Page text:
Iranian Supreme Leader Ayatollah Khamenei is increasingly pushing conspiracy theories about vaccines for COVID-19. They are not effective, and there are "accelerating" instances of death and infection from them, a headline on Iran's Tasnim News Agency website claimed Saturday.
There is no evidence that vaccines are hazardous, despite Iran's media pushing this misleading information.
Twitter took the unprecedented action of removing one of the tweets in which Khamenei claimed vaccines from the US and UK are not trustworthy and "contaminate" people. Iran's media outlets, including PressTV in English and Tasnim, have been pushing similar conspiracy theories.
The Twitter removal of the tweet was a rare instance of Western social-media giants actually confronting Iran's far-right authoritarian regime. Most major social-media companies have removed far-right content in the West and have now suspended the account of US President Donald Trump. Iran's extremist leader and his cohorts continue to tweet freely.
The Iranian regime habitually spreads false and misleading "news" about COVID vaccines.
The new Iranian regime agenda of spreading false, misleading, fake and conspiracy-laden news about COVID vaccines clearly comes from the top. It is being pushed and driven from Khamenei's office.
This is clear because in the past, the Iranian foreign minister has told colleagues abroad that the country is suffering and needs support and that US sanctions had harmed efforts against COVID-19.
Iran infamously covered up the extent of COVID in the country in February, and many key members close to the regime became ill. The country has been hard hit since then, especially minority, vulnerable and peripheral sectors of the population who do not receive enough support from the government.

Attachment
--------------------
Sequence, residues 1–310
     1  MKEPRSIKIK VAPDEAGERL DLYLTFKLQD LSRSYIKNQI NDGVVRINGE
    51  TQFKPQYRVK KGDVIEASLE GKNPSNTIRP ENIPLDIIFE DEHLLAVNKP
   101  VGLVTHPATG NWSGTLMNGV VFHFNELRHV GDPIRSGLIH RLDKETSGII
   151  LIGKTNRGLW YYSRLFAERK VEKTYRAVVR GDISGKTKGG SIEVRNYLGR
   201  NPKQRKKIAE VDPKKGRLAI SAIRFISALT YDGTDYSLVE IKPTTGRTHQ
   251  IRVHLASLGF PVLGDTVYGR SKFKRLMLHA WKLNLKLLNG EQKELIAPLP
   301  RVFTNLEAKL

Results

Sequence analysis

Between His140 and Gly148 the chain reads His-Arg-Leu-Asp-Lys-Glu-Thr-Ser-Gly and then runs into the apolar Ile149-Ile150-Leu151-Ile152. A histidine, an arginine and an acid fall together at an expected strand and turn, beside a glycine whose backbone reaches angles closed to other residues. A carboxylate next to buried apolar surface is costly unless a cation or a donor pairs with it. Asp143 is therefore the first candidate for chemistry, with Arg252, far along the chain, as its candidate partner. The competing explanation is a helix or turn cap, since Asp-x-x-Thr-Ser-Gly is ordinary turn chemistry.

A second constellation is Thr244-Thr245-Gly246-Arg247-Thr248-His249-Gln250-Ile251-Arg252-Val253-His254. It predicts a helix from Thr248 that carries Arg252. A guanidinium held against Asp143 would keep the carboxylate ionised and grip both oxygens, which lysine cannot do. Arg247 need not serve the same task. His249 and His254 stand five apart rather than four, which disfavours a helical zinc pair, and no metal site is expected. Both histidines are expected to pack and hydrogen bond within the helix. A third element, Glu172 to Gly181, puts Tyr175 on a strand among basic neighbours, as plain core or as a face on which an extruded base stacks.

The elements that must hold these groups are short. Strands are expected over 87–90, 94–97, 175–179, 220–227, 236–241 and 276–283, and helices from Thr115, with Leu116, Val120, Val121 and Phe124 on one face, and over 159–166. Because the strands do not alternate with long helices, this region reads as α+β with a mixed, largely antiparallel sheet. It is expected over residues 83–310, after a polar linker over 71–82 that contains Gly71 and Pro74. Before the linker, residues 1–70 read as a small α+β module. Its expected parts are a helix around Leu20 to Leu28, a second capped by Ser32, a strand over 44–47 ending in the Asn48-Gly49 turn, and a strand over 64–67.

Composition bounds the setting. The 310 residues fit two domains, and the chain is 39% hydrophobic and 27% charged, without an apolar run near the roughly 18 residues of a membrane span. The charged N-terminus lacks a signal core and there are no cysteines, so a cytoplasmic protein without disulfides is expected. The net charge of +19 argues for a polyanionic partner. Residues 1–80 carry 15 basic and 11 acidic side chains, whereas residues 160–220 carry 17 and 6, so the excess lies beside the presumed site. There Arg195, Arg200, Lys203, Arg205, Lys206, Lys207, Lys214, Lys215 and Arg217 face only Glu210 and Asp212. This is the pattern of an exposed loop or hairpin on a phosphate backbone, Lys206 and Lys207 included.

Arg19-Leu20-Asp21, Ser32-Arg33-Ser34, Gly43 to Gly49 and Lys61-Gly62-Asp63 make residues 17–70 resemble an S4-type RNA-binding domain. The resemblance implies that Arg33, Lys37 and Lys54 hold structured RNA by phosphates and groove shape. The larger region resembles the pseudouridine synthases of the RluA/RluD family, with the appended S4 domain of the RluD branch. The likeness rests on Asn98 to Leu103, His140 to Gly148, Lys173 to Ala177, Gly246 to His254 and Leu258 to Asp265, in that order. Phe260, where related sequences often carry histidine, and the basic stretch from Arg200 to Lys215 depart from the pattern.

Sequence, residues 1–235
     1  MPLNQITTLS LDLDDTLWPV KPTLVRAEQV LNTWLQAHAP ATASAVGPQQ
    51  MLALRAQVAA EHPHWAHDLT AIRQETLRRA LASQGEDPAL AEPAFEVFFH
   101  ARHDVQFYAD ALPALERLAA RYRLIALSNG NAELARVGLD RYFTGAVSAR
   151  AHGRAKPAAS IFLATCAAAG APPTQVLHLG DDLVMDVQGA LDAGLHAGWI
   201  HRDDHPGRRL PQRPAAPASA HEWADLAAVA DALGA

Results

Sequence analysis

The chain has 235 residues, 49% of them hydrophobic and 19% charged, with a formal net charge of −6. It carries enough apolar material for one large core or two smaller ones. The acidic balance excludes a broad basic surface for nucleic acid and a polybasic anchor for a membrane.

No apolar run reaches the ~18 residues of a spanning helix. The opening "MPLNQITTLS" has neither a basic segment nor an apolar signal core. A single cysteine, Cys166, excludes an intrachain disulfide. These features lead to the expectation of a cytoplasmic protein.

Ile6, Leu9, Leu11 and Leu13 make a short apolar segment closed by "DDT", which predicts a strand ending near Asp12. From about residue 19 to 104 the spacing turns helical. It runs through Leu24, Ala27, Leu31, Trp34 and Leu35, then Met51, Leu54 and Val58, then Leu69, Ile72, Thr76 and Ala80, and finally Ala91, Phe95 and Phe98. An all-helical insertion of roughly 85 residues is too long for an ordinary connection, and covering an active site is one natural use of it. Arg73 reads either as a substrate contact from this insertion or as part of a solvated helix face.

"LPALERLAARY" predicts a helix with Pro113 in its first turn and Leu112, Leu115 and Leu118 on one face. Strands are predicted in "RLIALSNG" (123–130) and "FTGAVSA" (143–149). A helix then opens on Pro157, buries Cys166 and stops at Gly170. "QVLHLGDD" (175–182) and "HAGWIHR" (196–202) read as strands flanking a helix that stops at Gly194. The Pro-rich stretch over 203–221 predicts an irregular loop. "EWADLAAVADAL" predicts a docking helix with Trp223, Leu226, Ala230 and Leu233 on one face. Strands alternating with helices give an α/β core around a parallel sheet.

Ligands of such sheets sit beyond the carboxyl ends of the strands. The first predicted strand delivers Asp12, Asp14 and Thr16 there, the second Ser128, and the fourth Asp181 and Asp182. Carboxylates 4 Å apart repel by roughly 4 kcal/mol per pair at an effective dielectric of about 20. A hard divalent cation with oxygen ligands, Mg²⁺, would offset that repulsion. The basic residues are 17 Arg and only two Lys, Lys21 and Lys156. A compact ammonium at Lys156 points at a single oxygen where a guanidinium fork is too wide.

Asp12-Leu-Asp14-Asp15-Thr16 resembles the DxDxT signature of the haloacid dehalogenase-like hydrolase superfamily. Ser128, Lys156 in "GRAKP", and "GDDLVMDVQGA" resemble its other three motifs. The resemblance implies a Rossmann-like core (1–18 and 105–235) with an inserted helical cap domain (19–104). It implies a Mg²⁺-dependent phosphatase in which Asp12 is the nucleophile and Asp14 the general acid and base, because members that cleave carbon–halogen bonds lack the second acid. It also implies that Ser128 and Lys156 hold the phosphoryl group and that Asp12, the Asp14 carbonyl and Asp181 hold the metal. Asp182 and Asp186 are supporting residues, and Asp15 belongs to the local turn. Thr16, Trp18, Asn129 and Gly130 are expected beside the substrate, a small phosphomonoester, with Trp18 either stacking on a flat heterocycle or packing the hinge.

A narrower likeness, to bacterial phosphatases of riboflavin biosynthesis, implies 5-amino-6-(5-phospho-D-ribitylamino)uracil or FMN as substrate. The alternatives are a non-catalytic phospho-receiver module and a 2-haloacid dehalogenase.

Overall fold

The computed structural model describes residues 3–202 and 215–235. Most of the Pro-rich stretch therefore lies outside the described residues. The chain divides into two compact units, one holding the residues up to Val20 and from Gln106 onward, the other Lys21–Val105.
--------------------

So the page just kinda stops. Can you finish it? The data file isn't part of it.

Iran's regime is often appeased or gets a pass from Western countries, which tend to be more willing to condemn right-wing regimes, such as in Hungary, rather than Iran. The COVID-19 conspiracy theories being pushed by Iran in English through state media may make some challenge the regime since COVID conspiracies are taken seriously as misinformation in the West.
On January 9, a Press TV headline in English claimed: "US COVID vaccines are extreme hazardous." Iran used the usual tactic of laundering this view through a foreign "expert," whom they claimed had determined this.
Iranian President Hassan Rouhani has joined the crusade against "foreign" vaccines by claiming they must not be "tested" on Iranians. There is no evidence they have been tested on Iranians.
Tasnim on Saturday also carried a story that showed a hospital and claimed vaccines in the UK were "accelerating" infection. The report was written in such a way as to make it seem that there was a correlation or that the vaccine was not effective.
Iran's media did not bother to inform readers that millions need to be vaccinated and that most have not received the two doses necessary.
"Statistics on COVID and mortality show that the United States and the United Kingdom continue to see an increase in the number of cases and deaths after the corona vaccine was developed and injected," Tasnim wrote. "It is possible that the incidence of morbidity and mortality in these countries has intensified."
"While American and British vaccines have been injected in various countries, their effects have not yet been felt," the Iranian report claimed. "This, along with some of the side effects of vaccine injections reported in the media, has called into question their effectiveness. In addition, the use of such vaccines against other countries is also controversial."
Iran's media made it appear the vaccines were being used to harm other countries rather than help them. This is part of the regime's scaremongering.
Seth Frantzman is a Ginsburg-Milstein Writing Fellow at the Middle East Forum and senior Middle East correspondent at The Jerusalem Post.